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Abstract #4534

Hemodialysis can contribute to acute changes in cerebral volume and white matter structure

Madeleine T Dacey1,2,3, Stefan E Poirier1,3, Janice Gomes2,4, Udunna C Anazodo1,3, and Christopher W McIntyre1,2
1Medical Biophysics, Western University, London, ON, Canada, 2Kidney Clinical Research Unit, Lawson Health Sciences Center, London, ON, Canada, 3Imaging, Lawson Health Research Insitute, London, ON, Canada, 4Pathology and Laboratory Medicine, Western University, London, ON, Canada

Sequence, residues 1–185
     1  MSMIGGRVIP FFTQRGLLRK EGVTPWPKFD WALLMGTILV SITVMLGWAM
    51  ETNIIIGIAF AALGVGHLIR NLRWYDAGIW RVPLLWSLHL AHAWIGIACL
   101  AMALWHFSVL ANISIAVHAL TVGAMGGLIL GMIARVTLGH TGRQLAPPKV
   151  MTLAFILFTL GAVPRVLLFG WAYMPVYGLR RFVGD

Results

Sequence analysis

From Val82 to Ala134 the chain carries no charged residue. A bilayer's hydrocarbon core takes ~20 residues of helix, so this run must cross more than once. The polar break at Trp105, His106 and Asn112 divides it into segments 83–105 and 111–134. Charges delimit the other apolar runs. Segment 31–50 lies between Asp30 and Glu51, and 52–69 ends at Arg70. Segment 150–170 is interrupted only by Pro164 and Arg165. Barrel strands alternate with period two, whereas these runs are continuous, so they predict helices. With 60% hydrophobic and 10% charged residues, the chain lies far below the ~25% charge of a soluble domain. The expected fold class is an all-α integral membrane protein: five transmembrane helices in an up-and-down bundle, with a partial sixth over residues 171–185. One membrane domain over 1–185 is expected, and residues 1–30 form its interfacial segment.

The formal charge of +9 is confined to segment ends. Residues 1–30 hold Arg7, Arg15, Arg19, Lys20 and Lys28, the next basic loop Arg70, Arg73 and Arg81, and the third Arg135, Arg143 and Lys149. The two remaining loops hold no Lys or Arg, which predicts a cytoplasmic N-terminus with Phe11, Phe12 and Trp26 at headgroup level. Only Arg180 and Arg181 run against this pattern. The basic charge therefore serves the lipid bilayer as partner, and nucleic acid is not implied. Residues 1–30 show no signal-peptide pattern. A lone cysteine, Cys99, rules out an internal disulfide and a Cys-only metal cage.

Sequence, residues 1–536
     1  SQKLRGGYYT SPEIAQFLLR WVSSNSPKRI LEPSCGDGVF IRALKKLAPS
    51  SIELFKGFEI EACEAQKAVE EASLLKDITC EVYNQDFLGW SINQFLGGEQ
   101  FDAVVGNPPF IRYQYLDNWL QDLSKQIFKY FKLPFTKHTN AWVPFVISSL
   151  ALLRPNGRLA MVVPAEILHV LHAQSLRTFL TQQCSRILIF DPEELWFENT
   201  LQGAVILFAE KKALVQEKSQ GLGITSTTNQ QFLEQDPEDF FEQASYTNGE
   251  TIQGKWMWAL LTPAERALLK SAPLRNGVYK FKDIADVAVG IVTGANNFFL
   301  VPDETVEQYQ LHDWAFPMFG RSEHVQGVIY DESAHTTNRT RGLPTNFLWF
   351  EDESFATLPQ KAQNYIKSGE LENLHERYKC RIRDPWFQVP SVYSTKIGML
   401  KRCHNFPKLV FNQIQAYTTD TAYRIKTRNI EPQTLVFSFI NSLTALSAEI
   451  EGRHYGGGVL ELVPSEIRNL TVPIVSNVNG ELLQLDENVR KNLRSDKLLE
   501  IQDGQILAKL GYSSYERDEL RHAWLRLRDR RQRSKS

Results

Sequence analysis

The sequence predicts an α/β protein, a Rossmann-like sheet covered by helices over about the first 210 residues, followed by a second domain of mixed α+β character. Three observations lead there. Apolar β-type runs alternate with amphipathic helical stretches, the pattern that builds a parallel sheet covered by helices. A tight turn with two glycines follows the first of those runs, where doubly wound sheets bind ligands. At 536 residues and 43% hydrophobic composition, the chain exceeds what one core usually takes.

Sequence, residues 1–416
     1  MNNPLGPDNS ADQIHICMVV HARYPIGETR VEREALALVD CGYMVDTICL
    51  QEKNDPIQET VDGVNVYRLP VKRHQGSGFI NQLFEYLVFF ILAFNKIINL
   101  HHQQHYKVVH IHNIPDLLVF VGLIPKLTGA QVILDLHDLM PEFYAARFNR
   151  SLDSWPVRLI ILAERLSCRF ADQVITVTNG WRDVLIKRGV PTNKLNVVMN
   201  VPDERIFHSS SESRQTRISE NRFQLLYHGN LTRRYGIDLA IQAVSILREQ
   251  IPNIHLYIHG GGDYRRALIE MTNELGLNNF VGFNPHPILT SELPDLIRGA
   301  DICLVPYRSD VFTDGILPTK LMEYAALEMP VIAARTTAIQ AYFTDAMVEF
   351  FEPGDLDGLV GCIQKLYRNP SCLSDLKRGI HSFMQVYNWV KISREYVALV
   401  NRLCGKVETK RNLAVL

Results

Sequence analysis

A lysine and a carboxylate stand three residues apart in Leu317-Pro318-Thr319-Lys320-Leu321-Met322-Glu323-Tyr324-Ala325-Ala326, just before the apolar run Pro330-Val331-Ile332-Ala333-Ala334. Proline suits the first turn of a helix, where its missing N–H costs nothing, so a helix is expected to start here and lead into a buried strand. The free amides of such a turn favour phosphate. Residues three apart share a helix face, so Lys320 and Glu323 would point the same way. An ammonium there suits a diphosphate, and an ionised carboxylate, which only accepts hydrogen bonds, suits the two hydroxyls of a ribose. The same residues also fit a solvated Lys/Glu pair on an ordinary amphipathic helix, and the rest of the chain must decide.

Cognitive impairment and white matter degeneration are common in hemodialysis patients. Hemodialysis can severely impede blood flow and create osmotic imbalances in the brain. This may cause brain injury by a mechanism similar to that of stroke. To investigate the acute effects of hemodialysis on the brain, we used a novel system to perform diffusion and T1 weighted MRI scans during hemodialysis. Several tracts exhibit diffusion tensor imaging markers for cytotoxic and ionic edema. Increased white and grey matter volume during hemodialysis further support the presence of ionic edema. Ionic and cytotoxic edema are evidence of acute brain injury.

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